Week In Review: Manufacturing, Test

Foundry rankings; fab tool rebound?; printed electronics.


Market research
In the second quarter of 2019, TrendForce said that the top-5 foundry rankings remained identical with that of last year. But sixth to tenth place showed some changes. Who is up or down in what is a tough business climate?

Global fab equipment spending will rebound in 2020, growing 20% to $58.4 billion after dropping 19% to $48.4 billion in 2019, according to SEMI. However, the 2020 investment increase is a downward revision from the 27% growth forecast earlier this year, according to SEMI. “Despite the healthy gains forecast for 2020, fab spending will still fall $2 billion short of 2018 investments,” according to SEMI.


The downturn in the memory market continues to haunt the industry. “Memory prices continue to decline amid oversupply and weak near-term demand, and the demand recovery remains unclear amid trade war tensions. Still, memory scaling is slowing naturally, a headwind for bit growth and a natural limiter to long-term supply, which in turn should drive healthier long-term supply-demand dynamics,” said Weston Twigg, an analyst with KeyBanc Capital Markets, in a research note. “Supply has also consolidated, more so in DRAM than NAND, which should further support balanced supply as demand recovers. Over the midterm, datacenter spending will likely ramp back up after current digestion, while memory loading in PCs, smartphones, and other devices should support a moderate demand recovery in 2H.

“For NAND, we now predict 30% bit growth in 2019, up moderately from our prior estimate of up 27%, due to aggressive node transitions and the general expectation for 2H price stabilization,” Twigg said. “For DRAM, we predict 9% bit growth in 2019, in line with our prior estimate, but below most industry forecasts, as we expect price pressure and the trade war to remain headwinds through 2H.”


Robot orders in North America declined slightly in the first quarter of 2019 compared to the same period last year, according to the latest statistics released by the Robotic Industries Association (RIA). North American companies ordered a total of 7,876 robots valued at $423 million during the three months, a decline of 3.5% in units and 3.2% in dollars compared to the first quarter of 2018. The decline was driven by a decrease in orders from automotive component suppliers (-16%), plastics and rubber (-16%), electronics (-17%), and metals (-17%).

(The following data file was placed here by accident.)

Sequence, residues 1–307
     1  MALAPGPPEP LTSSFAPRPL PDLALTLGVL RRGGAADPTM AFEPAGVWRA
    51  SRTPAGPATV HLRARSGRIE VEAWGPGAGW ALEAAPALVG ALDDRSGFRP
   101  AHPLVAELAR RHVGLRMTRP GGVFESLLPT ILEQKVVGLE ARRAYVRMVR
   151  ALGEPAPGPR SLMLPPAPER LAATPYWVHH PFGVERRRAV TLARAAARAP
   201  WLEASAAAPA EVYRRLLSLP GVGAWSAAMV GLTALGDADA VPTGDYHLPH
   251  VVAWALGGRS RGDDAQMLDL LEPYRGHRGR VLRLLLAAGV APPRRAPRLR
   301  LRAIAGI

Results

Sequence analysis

Fab tools and materials
Brewer Science has expanded its printed electronics program with plans to incorporate new service capabilities. The new services are categorized into three categories–printing, electronics and software. “Printed electronics is the latest arena in which we are applying our innovation leadership to greatly impact where technology is going and how it can benefit people from all walks of life,” said Dan Brewer, executive director of emerging technology at Brewer Science.

In a blog, Sean SK Kang, a director in the Semiconductor Products Group at Applied Materials, talked about some of the major events that took place at the recent 11th International Memory Workshop (IMW).

KLA has announced the appointment of Jeneanne Hanley to its board. A career automotive industry executive, Hanley was most recently senior vice president and president at E-Systems within Lear.

Soitec posted its results and disclosed its investment plans. The company is expecting that capital expenditures will reach approximately 130 million Euros in fiscal 2020.

Chipmakers and OEMs
An activist investor took a $1.5 billion stake in Sony. The firm also wants Sony to spin off its semiconductor business, according to a report from Bloomberg.

Cree updated its financial guidance for the fourth quarter of fiscal 2019.

Mythic, a fabless developer of AI chips, has secured $30 million in Series B-1 funding. This brings the total Series B funding to $70 million. The funding round was led by Valor Equity Partners, with additional new investors Future Ventures, Atreides, Micron Ventures and Lam Research. Existing investors also participated.

Intel has announced plans to acquire Barefoot Networks, a supplier of Ethernet-based fabric technology.

Raytheon and United Technologies have entered into an agreement to combine in an all-stock merger of equals. The transaction will create a larger company in the aerospace/defense sector.

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